Variable State’s debut title Virginia emerges as a strange, disorienting, and thrilling experience that differentiates itself through its distinctive presentation. It’s a two-hour long experience that is meant to feel similar to a film, only that in spite of its length, cinematography and editing, it boldly contains not a single line of dialogue. While it doesn’t offer much more other than walking around in terms of gameplay, it makes sure to constantly challenge the player through its puzzling story. It feels like a confident product that almost revels in how it subverts the norms of video games, which is what makes it so exciting to play in spite of its few flaws.
Virginia stars Anne Tarver, a newly-recruited FBI agent with the confidential task of investigating her partner on the job, Maria Halperin, as they work together to solve the case of a missing towns person. Since there’s no dialogue, the emotions behind the interactions between the two – as well as the rest of the cast of characters – are conveyed through the facial expressions and body language. Maria is initially cold and withdrawn from Anne, which is conveyed through her reluctance to look at Anne, how she walks out of a diner without waiting for Anne, and the physical distance she puts herself between the two.
Eventually, Maria’s demeanor with Anne changes as the two become closer and learn to rely on each other in their line of work. While the game tackles a mystery as well as themes like identity and power, its heart lies in the friendship between these two women at the front and center.
There’s so much significance in the portrayal of a complex friendship between two women of color as they navigate the mostly white and male-dominated world of their profession; that the depth and emotional weight of this relationship and their identities are conveyed without any dialogue is nothing short of a significant feat. Seeing their friendship unfold and go through trials and tribulations as they struggle with themselves, their past and present is without a doubt the most rewarding aspect of this game.
Virginia, while perhaps reminiscent of titles like Firewatch and Gone Home, differs in comparison because it is so linear. It offers little room to explore or investigate any items in all of the different rooms and corridors you will walk through – which is what you spend the entire game doing. Most of the time, you are only able to examine the one item that moves along the plot and brings you to the next scene.
The environments – especially rooms like the office of Anne’s boss or the house of the missing towns person – contain plenty of detail that I would have loved to explore and gain more out of rather than to just dismiss and move past. The ability to do deeper investigations could have made the player feel a bit more immersed in their role as an FBI agent and provided a bit more character to the people in the story other than Anne and Maria.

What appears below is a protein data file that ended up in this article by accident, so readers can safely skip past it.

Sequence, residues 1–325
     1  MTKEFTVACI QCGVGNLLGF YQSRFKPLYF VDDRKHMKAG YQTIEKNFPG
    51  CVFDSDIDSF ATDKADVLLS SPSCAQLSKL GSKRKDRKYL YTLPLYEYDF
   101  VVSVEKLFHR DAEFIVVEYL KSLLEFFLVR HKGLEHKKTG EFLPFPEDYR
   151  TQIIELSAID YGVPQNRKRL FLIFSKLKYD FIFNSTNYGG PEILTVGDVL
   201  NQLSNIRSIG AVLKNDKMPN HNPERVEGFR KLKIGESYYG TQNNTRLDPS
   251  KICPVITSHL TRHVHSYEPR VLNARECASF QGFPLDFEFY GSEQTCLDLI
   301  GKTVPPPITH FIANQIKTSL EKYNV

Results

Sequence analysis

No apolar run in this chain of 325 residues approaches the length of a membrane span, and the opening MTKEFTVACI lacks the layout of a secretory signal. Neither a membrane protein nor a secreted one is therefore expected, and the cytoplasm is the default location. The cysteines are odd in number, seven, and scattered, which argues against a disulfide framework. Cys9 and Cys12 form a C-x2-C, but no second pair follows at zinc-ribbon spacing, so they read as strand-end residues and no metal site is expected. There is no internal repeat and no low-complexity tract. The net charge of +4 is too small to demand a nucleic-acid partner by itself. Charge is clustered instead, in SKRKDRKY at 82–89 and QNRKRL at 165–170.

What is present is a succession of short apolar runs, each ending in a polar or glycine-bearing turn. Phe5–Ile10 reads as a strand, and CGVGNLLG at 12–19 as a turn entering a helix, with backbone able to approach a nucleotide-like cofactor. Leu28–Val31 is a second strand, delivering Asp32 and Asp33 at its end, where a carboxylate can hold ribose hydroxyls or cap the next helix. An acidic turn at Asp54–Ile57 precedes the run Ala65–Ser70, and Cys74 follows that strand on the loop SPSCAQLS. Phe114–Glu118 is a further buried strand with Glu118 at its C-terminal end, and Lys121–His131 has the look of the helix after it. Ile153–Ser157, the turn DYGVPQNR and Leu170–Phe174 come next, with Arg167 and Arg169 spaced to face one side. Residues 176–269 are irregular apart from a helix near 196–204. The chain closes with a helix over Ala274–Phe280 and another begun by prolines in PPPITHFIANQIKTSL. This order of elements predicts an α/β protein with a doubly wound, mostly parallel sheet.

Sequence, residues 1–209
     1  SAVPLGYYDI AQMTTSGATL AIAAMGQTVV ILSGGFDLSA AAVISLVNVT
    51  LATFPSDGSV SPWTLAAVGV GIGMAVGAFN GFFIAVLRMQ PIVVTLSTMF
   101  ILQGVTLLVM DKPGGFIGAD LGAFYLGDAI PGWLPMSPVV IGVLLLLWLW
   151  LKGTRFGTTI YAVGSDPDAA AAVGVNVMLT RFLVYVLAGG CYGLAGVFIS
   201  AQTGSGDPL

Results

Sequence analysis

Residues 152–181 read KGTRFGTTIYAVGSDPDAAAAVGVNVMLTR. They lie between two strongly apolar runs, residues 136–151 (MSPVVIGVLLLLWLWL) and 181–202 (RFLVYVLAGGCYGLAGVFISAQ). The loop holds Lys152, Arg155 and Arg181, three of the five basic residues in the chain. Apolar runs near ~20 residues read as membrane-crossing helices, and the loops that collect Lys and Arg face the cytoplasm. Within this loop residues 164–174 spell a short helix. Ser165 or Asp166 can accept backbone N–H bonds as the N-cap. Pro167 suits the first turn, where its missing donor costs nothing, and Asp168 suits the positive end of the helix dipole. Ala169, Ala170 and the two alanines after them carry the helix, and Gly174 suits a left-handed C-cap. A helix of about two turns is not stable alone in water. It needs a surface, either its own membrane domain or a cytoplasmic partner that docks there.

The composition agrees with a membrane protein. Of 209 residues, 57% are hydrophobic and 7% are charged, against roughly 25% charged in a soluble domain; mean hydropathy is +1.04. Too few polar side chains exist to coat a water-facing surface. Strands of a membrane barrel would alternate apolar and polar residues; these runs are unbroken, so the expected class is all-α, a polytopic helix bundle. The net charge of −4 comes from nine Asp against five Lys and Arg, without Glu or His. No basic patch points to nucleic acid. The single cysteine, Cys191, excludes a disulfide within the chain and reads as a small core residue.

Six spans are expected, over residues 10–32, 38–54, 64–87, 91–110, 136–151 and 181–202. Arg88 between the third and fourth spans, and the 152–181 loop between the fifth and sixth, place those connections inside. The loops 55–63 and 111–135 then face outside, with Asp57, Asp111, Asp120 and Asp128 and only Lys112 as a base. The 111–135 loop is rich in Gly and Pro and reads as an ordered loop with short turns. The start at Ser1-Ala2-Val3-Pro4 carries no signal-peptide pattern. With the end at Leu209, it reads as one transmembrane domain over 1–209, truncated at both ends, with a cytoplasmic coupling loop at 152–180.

Scenes transition between each other through cinematic cuts that are at times equally elegant and jarring – much like Virginia as a whole. One moment, you’re walking down a flight of stairs when you’re suddenly smoothly transported to the middle of a hallway. In another instance, the music is reaching a high note in an ominous scene that doesn’t seem right or real, and the next you are looking at Maria drinking her cup of coffee in a brightly-lit diner as customers are coming in for their daily breakfast. Not only does the editing serve as a clever way of not letting any scene drag on for too long, but it also helps to unsettle the player even further as scenes go back and forth between the dream world and the real world – until the line between the two is eventually blurred.
Despite its linearity that offers little room for confusion as to where to go, the story is confusing due to its ambiguity; the mixture of scenes that are and aren’t real makes it difficult to follow after a certain point. The final moments are especially difficult to understand, and by the end I felt like I had experienced something worthwhile but that I also didn’t understand as well as I wanted to. I understood only pieces of the larger story, which prompted me to go back to the game for a second play through – which was no hassle because despite feeling lost, I enjoyed what I had experienced.
While Virginia’s story is a bit incomprehensible at first, it’s captivating enough to encourage you to go back to it in order to have a proper grasp on it. This game doesn’t need dialogue in order to make the characters feel real, and scenes are complimented by beautiful visual colors and an utterly superb soundtrack, so replaying it to gain a better understanding of its disconcerting story riddled with symbolism and secrets is a welcomed experience.
Virginia is a small game, but it’s also an important one; it’s proof that something uniquely enthralling can come from taking risks and deviating from the norm. While its ambiguity and restrictiveness in exploration isn’t for everyone, there is also the sense that it never tries to be a game that’s for everyone; it’s simply a confounding game that aims to provoke discussion and make the player care about its protagonists. There’s a lot of creativity in going against the norm, and there’s even more creativity in succeeding to tell such a complex story with the mechanical limitations of this game.
Virginia is absolutely worth playing for all that it accomplishes to do right in its mission to dare to be different, and perhaps being different is something that should be celebrated more often so that there is a wider, richer variety of stories being told.
This review is based on the PlayStation 4 version of the game, which we were provided with.
Virginia achieves a level of complex and thrilling storytelling that is difficult to achieve without any words.